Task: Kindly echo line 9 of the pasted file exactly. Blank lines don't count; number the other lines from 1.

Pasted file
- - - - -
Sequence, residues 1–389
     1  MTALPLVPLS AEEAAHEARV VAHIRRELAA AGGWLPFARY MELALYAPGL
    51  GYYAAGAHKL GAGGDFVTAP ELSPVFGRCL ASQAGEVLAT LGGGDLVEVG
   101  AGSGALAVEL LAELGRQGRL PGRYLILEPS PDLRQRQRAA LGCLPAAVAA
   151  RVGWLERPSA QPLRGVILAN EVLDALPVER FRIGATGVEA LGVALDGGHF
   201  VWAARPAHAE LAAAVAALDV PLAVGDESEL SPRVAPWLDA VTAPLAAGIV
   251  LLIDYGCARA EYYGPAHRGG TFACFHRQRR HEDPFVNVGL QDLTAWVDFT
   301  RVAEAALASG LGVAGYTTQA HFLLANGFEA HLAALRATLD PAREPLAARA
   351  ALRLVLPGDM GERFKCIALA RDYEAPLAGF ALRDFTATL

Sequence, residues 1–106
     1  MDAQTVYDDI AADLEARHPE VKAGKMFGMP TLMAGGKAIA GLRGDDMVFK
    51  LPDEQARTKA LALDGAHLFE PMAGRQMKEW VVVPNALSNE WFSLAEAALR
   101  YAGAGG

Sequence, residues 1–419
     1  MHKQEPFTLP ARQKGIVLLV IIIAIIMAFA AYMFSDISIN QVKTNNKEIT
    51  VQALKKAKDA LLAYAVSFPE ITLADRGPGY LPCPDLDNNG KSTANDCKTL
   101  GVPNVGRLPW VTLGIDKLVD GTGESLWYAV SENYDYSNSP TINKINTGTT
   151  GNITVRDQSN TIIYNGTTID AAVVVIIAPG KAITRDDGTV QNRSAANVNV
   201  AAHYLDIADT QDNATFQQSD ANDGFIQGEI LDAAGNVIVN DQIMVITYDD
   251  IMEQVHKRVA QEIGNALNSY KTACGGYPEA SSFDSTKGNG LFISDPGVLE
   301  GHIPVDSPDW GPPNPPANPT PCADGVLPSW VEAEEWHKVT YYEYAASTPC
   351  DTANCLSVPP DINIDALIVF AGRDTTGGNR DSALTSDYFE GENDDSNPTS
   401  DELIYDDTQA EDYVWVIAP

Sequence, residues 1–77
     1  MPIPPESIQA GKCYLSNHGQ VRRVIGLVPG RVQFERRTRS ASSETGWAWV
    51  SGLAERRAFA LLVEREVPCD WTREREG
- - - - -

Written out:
   351  ALRLVLPGDM GERFKCIALA RDYEAPLAGF ALRDFTATL